Best Weller's Pick

Every other month the staff of Weller Book Works nominates and then votes on books we deem worthy of extra attention, our Best Weller's selection. We discount these books to you by 20% during the months for which they're chosen because we believe in them.

Review by Tamsen

I tend to be a sensitive person but even so, it’s not often I find myself openly sobbing while reading a memoir. If you’re alive in the United States, the opening scene in Once I Was You won’t be a surprise, but it will grab your heart. Reporter Maria Hinojosa’s interaction at the McAllen airport in Texas with immigrant children who have been separated from their parents by the U.S. government puts the children’s fear and confusion--the utter cruelty--right in front of you, demanding you look. Hinojosa wrote the introduction as a letter to one of the children she spoke to. She tells the 10-year-old girl from the airport, “I see you, because once I was you.”

Hinojosa immigrated to Chicago as a baby. Her family left Mexico so her dad could take a job as a professor and researcher at the University of Chicago. The story of her family’s journey across the border includes a customs agent who tried to separate baby Maria from her mother because of a small rash on her arm. This was 1962.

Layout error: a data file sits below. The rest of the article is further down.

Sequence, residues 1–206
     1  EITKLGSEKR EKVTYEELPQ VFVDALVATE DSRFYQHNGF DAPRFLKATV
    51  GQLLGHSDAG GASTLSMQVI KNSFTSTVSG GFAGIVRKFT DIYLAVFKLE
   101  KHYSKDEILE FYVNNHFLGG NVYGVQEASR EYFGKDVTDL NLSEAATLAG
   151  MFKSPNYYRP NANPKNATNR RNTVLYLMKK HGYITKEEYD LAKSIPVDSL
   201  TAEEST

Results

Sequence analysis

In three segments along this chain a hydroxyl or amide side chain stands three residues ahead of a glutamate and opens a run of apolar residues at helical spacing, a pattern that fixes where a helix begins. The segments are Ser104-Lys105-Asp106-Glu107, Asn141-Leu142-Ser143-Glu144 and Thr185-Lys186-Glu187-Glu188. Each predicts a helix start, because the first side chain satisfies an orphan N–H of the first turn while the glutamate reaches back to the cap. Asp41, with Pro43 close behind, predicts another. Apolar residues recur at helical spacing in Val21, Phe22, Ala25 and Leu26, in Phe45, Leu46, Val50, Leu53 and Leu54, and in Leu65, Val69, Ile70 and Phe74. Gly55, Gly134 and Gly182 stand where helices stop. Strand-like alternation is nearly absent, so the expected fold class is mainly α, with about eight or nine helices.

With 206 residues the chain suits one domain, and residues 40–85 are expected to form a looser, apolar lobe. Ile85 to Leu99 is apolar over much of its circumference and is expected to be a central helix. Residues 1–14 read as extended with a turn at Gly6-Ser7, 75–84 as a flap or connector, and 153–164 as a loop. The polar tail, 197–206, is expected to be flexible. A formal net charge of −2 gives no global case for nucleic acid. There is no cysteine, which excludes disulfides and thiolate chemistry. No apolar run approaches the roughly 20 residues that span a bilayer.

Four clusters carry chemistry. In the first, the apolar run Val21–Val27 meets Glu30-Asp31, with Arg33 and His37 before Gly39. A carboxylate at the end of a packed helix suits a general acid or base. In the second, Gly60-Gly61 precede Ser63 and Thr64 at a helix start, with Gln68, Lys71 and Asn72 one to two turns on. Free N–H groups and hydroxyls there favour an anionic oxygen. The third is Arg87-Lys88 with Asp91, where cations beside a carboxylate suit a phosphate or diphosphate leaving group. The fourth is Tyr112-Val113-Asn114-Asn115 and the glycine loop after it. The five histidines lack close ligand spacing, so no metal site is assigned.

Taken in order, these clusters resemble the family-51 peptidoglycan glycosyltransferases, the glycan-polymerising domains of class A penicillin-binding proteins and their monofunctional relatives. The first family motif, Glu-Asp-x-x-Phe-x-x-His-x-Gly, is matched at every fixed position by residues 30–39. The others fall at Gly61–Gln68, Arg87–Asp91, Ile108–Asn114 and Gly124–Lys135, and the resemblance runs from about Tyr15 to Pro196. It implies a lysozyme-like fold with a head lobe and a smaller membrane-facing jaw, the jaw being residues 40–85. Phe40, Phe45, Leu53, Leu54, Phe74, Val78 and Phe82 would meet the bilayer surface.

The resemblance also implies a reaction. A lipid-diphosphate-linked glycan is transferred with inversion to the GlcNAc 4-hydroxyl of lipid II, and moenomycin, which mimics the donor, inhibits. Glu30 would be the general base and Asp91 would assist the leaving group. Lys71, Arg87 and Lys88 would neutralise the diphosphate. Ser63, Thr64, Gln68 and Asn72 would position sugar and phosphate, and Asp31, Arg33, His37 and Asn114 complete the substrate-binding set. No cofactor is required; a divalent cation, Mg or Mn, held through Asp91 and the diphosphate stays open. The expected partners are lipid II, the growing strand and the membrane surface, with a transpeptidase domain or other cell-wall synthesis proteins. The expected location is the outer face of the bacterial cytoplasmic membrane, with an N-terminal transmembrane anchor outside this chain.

In telling her own story, Hinojosa tells the story of immigration in the United States. She doesn’t limit the story to immigration from Latin America, but contextualizes each wave of immigration in the American story. American immigration policy has always been--and continues to be--about maintaining a “white” society. While what defines whiteness has shifted over time (Italian and Polish immigrants were not always considered white in America), the ideal of keeping the “other” out has stayed the same, despite that white America inhabits land stolen from Indigenous people.

Of her own story, Hinojosa describes her experiences breaking into news as a Latina--often as the first or only Latinx person in the newsroom--and her personal heartaches and joys. Once I Was You includes stories behind her reporting such as Hinojosa living in New York City and covering 9/11, traveling to Louisiana to cover the aftermath of Hurricane Katrina, and her 2011 PBS Frontline documentary Lost in Detention in which she reports the living conditions for immigrants in detention centers.

Throughout her recollections Hinojosa describes policy changes and how they affect immigrants, as well as cultural and historic moments at state and national levels. She beautifully connects her own life and reporting career to immigration in the United States. 

Once I Was You is essential reading because understanding immigration policy and history in the United States is necessary for understanding America itself. The cruelty of detention and anti-immigrant policies; the beauty and greatness immigrants bring to this country; all of it forms the structural threads in the fabric of American history, culture, and everyday life.

Once I Was You: A Memoir of Love and Hate in a Torn America Cover Image
$28.00
ISBN: 9781982128654
Availability: On Our Shelves Now

Published: Atria Books - September 15th, 2020

NPR’s Best Books of 2020
BookPage’s Best Books of 2020
Real Simple’s Best Books of 2020
Boston.com readers voted one of Best Books of 2020

“Anyone striving to understand and improve this country should read her story.” —Gloria Steinem, author of My Life on the Road